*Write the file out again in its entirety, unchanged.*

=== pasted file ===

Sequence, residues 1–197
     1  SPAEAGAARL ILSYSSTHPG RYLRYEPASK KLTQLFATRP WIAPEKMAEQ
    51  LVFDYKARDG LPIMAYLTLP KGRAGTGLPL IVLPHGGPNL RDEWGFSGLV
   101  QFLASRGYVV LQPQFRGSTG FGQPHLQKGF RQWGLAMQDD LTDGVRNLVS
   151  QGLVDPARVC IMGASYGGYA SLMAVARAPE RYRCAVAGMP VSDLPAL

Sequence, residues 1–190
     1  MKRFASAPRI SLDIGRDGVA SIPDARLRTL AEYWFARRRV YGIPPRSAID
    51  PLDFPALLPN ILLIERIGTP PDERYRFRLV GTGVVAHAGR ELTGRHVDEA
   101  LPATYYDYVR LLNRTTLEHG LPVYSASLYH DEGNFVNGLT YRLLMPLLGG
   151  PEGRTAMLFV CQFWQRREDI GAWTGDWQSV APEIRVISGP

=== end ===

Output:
Sequence, residues 1–197
     1  SPAEAGAARL ILSYSSTHPG RYLRYEPASK KLTQLFATRP WIAPEKMAEQ
    51  LVFDYKARDG LPIMAYLTLP KGRAGTGLPL IVLPHGGPNL RDEWGFSGLV
   101  QFLASRGYVV LQPQFRGSTG FGQPHLQKGF RQWGLAMQDD LTDGVRNLVS
   151  QGLVDPARVC IMGASYGGYA SLMAVARAPE RYRCAVAGMP VSDLPAL

Sequence, residues 1–190
     1  MKRFASAPRI SLDIGRDGVA SIPDARLRTL AEYWFARRRV YGIPPRSAID
    51  PLDFPALLPN ILLIERIGTP PDERYRFRLV GTGVVAHAGR ELTGRHVDEA
   101  LPATYYDYVR LLNRTTLEHG LPVYSASLYH DEGNFVNGLT YRLLMPLLGG
   151  PEGRTAMLFV CQFWQRREDI GAWTGDWQSV APEIRVISGP